I enjoy discussing topics in physiology and toxicology in the contexts of chemical pollution and global climate change. I currently teach or co-teach the following courses and my goal is to address relevant topics in an active learning space that welcomes diversity of ideas and perspectives.

1.Physiology of Global change (Offered Every Spring)

This course is taught at a graduate student level (SMS 598), but is open to upper level undergraduate students (SMS 491). The course addresses traditional
comparative physiology and biochemistry topics, and includes modern advances and approaches in comparative physiology (e.g., next generation sequencing approaches). The course material is presented in the context of rapid environmental change, examining how physiological systems are affected by climate change and chemical pollution.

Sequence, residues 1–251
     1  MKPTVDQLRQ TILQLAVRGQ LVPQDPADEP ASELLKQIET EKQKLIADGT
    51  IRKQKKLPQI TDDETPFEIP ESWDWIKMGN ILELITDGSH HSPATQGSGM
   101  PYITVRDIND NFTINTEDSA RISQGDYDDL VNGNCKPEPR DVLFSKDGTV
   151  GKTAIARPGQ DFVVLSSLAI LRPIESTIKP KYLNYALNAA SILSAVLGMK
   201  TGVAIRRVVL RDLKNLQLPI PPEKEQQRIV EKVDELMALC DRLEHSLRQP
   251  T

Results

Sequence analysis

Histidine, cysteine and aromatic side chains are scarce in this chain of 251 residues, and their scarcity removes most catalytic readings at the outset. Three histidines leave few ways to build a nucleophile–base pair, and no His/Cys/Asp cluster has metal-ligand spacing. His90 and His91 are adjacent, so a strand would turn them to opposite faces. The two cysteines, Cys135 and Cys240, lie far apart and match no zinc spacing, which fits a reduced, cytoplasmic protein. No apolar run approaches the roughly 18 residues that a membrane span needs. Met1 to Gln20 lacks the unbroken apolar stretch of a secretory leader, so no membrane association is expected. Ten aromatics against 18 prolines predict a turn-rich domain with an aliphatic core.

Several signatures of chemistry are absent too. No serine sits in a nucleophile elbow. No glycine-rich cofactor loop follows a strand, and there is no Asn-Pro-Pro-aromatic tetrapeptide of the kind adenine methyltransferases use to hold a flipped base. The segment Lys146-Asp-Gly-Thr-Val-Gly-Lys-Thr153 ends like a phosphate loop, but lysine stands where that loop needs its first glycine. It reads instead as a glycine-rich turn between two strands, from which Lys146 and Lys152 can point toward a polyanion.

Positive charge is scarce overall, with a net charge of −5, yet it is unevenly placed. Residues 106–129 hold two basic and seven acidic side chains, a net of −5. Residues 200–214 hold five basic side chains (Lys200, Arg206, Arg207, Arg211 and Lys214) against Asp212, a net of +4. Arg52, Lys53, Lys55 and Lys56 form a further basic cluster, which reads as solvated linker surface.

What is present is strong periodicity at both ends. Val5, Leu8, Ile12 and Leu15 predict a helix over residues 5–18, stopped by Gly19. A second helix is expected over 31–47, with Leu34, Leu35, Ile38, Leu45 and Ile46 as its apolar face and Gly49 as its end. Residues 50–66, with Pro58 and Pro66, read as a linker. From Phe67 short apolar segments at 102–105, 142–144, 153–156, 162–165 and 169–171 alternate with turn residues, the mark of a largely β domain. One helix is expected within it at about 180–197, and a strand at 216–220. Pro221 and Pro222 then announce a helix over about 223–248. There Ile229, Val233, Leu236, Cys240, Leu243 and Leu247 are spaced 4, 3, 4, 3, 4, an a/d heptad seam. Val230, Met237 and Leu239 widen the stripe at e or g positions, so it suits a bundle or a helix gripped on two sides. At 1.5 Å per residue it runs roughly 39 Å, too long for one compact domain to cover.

2.Integrative Marine Sciences IV: Comparative Physiology, Cell and Molecular biology (Offered Every Spring)

This class is co-taught with Dr. Paul Rawson and is a core-requirement course for SMS undergraduate students. This hands-on laboratory based writing intensive course integrates comparative physiological principals in examining thermal physiology of intertidal mussels and their response to changing ocean temperatures.

3.Molecular Mechanisms of Human Diseases (Offered Every Winter)

This is a week-long intensive laboratory course for University of Maine Honors College students. The course is offered at Mount Desert Island Biological Laboratory, ME and covers three broad topics on environmental health and links to human diseases.